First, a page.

I love street photography, and most of the time, my editing preference is to correct the white balance, if needed and then render in black and white.

Somehow, there’s just something about black and white photos that seems more powerful to me when capturing everyday life somewhere. Sometimes colour is pleasing to the eye, but other times, it can be a distraction.

My feature photo was taken entering Mexico (near the end of the Progreso International Bridge). Once youve crossed the Rio Grande River and are near the top of the riverbank, this scene is a constant occurrence. Despite the busyness and the gainful employment of the market area, this is a reminder of the poverty. The cap comes through an opening in the wooden louvred window, and the loud, pleading begging from the other side rips at my heart and reminds me of how fortunate I am in my life. I didn’t realize until I edited the photo that I unintentionally caught a hopeful face peering at me through the window. The man I caught in the photo looked straight ahead as he was walking, as most people crossing the bridge do.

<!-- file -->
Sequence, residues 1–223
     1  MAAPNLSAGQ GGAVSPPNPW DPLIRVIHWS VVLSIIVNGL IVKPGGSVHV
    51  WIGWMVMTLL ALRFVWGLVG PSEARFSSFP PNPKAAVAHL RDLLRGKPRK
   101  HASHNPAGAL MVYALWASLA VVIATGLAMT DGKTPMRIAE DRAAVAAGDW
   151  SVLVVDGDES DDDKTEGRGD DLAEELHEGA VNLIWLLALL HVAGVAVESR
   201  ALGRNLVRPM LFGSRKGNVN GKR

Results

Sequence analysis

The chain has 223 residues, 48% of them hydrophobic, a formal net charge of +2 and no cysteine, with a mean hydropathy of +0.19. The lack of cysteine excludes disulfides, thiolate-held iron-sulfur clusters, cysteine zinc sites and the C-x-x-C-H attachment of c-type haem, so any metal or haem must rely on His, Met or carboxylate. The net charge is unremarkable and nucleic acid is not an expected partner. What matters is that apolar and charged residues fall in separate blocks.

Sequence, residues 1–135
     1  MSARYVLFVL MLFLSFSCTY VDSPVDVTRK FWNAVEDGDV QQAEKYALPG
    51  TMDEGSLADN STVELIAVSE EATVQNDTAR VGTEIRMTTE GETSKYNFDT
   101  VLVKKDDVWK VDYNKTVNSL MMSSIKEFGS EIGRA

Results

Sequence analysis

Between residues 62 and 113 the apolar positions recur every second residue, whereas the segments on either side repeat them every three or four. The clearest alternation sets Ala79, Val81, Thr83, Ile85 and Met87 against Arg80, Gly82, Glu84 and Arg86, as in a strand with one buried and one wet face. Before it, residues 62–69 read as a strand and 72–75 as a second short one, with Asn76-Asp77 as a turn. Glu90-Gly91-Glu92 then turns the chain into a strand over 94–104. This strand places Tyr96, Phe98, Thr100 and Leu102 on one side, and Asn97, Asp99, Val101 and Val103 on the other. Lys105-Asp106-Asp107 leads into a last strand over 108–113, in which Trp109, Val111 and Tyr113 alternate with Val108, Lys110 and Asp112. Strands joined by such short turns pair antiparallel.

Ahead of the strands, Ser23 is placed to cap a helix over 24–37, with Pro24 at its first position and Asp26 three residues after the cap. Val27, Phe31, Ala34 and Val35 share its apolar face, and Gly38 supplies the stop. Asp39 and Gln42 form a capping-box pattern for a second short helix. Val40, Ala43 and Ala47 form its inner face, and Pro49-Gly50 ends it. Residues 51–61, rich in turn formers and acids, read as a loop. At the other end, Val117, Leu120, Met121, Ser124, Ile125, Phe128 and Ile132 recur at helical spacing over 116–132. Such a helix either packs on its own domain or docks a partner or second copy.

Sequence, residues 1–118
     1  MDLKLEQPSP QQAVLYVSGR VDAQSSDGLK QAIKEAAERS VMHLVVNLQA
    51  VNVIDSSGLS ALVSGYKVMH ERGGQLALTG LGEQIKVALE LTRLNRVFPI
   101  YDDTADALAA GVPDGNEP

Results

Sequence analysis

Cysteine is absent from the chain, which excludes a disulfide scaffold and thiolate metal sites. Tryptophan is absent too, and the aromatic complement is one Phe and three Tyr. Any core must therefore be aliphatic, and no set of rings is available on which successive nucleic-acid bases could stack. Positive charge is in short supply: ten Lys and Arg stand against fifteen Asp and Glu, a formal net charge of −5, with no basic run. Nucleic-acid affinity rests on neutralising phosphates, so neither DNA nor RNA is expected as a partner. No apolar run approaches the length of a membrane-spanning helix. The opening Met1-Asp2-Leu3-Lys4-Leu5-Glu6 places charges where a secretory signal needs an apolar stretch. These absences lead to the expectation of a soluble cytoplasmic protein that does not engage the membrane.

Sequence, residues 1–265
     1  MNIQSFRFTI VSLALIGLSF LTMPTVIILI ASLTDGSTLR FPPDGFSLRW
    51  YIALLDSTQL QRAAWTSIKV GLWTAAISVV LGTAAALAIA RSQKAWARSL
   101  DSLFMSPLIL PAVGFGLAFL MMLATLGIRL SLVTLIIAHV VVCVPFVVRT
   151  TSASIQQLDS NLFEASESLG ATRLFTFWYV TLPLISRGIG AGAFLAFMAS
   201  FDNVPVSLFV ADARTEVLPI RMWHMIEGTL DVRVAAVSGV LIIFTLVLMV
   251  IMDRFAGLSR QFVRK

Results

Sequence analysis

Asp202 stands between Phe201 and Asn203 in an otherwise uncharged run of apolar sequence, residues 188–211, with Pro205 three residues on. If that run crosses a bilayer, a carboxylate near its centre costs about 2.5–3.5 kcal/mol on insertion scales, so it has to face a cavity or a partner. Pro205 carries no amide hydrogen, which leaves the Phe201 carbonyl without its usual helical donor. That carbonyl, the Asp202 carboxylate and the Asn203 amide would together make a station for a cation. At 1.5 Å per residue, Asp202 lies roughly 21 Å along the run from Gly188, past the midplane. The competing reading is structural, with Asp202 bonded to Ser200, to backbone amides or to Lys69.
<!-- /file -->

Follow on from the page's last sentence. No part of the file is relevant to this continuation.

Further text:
The photo below shows how narrow the market street is and how packed with vendors it is.

This one below is a typical scene. There are many children working with the vendors. They’ll take a card of earrings (or anything light enough for them to carry) and work the street, trying to sell something to passersby. When they need a break, they find a bench, and there’s always someone from the market (perhaps a relative or friend) who stops to visit and play with them a bit. The young woman to the right is a maker and is busy with her craft.

“Living conditions in Mexico are challenging for many of its residents …about 33% of the population lives in “moderate poverty” and another 9% lives in “extreme poverty.” That means that more than 40% of the population lives in poverty” As a consequence, about 34 million Mexicans live two to a room in houses built from such poor construction materials as cardboard and reeds.” ~ Reuters/Jorge Luis Plata